GSBS Student Publications


Expression of a human coxsackie/adenovirus receptor transgene permits adenovirus infection of primary lymphocytes

UMMS Affiliation

Graduate School of Biomedical Sciences; Department of Molecular Genetics and Microbiology



Document Type


Medical Subject Headings

Adenoviridae; Adenoviridae Infections; Animals; B-Lymphocyte Subsets; Cells, Cultured; Crosses, Genetic; Enterovirus; Gene Expression Regulation; Genes, Reporter; Genetic Vectors; Humans; Lymphocyte Activation; Lymphocyte Subsets; Mice; Mice, Inbred C57BL; Mice, Transgenic; Microinjections; Plasmids; Promoter Regions (Genetics); Receptors, Virus; T-Lymphocyte Subsets; Transgenes


Life Sciences | Medicine and Health Sciences


Replication-defective adenoviruses are effective vehicles for gene transfer, both for the repair of defective genes and for studies of gene function in primary cells. Many cell types, including lymphocytes, are refractory to adenovirus infection because they lack the Coxsackie/adenovirus receptor (CAR) needed for virus attachment. To extend the advantages of adenovirus-mediated gene transfer to primary lymphoid populations and other cell types lacking endogenous CAR, we produced a mouse that expresses human (h) CAR as a transgene under control of a murine MHC class I promoter. hCAR protein is expressed on T and B lymphocytes from a variety of organs (spleen, lymph node, bone marrow, thymus, and peritoneum). These lymphocytes are susceptible to adenovirus infection, as demonstrated by reporter green fluorescent protein gene expression, with the fraction of expressing cells as high as 70%. Some lymphocyte subpopulations required stimulation subsequent to adenovirus infection for reporter expression. This activation requirement is a restriction imposed by the promoter used in the adenovirus construct. In subpopulations requiring activation, the elongation factor 1 promoter was far superior to a hCMV promoter for directing green fluorescent protein production. We also find that hCAR mRNA is produced in nonlymphoid tissues from all founder lines, including tissues that do not express endogenous murine CAR, suggesting the opportunity for effecting gene delivery to and testing gene function in a wide variety of primary cell types previously resistant to gene transfer.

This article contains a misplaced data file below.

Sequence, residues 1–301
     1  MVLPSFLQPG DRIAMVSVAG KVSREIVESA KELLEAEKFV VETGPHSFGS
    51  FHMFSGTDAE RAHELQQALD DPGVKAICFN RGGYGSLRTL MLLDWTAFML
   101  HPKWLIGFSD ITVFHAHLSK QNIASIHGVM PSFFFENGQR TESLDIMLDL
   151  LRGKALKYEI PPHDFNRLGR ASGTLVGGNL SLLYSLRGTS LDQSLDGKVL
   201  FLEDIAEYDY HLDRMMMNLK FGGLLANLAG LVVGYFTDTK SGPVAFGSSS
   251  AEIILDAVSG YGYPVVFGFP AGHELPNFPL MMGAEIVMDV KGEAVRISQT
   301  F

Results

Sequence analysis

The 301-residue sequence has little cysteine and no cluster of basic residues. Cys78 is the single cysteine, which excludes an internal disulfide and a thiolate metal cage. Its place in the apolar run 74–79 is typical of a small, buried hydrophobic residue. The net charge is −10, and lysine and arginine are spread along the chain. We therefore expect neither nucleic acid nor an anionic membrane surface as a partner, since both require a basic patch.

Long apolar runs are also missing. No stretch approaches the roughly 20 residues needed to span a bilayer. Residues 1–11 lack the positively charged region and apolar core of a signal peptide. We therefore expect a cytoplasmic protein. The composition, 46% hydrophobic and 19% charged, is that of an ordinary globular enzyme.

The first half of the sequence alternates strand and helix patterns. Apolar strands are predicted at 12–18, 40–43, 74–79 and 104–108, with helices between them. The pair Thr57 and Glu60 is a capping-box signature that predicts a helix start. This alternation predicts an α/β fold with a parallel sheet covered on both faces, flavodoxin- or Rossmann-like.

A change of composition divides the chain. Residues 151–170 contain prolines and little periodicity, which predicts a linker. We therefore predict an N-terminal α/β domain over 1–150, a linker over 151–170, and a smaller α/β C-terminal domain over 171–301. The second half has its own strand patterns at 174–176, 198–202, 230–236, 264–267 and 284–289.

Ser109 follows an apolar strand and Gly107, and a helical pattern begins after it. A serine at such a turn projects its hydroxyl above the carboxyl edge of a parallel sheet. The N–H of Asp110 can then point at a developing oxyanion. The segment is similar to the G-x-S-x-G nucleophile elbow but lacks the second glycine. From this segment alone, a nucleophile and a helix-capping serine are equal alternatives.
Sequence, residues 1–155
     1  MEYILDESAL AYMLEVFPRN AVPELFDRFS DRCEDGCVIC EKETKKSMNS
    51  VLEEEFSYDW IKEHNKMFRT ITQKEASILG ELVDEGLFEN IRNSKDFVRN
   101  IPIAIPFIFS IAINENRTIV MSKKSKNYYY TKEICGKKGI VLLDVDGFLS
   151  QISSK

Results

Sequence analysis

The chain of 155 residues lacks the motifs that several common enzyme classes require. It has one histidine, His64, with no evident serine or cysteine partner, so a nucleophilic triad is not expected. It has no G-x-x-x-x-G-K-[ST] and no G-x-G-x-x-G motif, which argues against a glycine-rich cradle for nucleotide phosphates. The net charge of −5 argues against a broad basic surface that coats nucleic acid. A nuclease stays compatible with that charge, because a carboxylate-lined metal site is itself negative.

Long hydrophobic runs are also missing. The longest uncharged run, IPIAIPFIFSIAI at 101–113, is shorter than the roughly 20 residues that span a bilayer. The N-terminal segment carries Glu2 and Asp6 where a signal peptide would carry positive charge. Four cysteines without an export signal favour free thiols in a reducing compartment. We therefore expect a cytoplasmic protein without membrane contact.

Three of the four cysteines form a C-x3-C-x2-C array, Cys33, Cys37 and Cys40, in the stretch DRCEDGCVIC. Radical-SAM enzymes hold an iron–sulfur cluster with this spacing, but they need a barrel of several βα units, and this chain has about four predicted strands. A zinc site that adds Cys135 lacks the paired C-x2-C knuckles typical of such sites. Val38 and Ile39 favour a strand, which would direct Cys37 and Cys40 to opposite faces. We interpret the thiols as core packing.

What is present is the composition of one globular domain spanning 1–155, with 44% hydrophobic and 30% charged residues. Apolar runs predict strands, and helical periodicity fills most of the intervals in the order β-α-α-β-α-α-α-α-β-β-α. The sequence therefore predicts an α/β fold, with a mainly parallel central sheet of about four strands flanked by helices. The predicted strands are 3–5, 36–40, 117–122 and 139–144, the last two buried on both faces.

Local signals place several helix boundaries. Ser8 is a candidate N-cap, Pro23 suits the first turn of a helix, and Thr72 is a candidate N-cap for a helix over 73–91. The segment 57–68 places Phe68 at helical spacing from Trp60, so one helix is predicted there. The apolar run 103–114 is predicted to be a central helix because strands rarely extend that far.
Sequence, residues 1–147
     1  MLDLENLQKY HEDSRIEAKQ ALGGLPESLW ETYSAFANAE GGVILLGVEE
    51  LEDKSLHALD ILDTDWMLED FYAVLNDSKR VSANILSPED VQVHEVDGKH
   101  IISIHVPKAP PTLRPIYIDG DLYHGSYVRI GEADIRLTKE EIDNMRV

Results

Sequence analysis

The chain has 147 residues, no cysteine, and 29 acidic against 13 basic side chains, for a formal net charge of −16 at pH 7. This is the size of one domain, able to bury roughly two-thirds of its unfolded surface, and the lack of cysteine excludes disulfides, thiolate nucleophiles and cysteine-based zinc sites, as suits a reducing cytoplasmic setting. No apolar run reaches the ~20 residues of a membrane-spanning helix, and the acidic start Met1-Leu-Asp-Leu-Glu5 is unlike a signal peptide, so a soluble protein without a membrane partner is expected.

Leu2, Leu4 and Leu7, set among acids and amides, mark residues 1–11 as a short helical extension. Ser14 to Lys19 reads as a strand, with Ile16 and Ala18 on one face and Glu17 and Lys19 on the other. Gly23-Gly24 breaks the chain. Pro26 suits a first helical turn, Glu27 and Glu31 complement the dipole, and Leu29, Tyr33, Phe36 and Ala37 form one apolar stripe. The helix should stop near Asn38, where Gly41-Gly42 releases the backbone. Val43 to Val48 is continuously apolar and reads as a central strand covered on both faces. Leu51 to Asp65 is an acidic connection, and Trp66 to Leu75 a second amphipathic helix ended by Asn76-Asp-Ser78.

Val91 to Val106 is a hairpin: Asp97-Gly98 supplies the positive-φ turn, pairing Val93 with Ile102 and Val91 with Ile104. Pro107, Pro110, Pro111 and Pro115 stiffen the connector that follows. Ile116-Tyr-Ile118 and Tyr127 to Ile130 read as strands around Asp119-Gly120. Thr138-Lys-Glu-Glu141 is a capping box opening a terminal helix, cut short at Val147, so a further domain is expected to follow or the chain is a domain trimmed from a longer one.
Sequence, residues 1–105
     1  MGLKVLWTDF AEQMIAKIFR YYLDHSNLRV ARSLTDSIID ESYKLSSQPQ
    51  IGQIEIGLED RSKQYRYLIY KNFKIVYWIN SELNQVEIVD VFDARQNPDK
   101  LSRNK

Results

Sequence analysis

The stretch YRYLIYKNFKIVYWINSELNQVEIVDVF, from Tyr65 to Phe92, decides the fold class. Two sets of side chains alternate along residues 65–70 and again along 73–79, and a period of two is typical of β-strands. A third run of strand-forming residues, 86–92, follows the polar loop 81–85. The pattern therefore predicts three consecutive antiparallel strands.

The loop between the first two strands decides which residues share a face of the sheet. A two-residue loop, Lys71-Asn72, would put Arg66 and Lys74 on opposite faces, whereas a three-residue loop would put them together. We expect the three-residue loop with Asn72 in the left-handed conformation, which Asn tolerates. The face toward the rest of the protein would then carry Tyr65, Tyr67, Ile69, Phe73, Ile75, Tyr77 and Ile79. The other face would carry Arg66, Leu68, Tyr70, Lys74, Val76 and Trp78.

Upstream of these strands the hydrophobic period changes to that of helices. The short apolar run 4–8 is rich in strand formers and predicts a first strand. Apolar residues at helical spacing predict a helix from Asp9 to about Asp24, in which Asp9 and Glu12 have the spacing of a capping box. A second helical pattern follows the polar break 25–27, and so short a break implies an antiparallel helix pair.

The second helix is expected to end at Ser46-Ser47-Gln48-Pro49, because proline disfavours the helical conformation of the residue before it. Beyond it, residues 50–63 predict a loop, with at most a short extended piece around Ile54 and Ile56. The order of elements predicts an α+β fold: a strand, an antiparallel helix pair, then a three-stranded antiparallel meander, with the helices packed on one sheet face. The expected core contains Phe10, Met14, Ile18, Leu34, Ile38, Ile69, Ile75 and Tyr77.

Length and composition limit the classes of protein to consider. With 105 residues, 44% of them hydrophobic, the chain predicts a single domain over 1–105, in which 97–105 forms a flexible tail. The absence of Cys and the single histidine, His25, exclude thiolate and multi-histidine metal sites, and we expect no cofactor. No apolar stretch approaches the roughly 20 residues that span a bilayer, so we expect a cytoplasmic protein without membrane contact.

Rights and Permissions

Citation: J Immunol. 2000 Oct 1;165(7):4112-9.

Related Resources

Link to Article in PubMed

Journal Title

Journal of immunology (Baltimore, Md. : 1950)

PubMed ID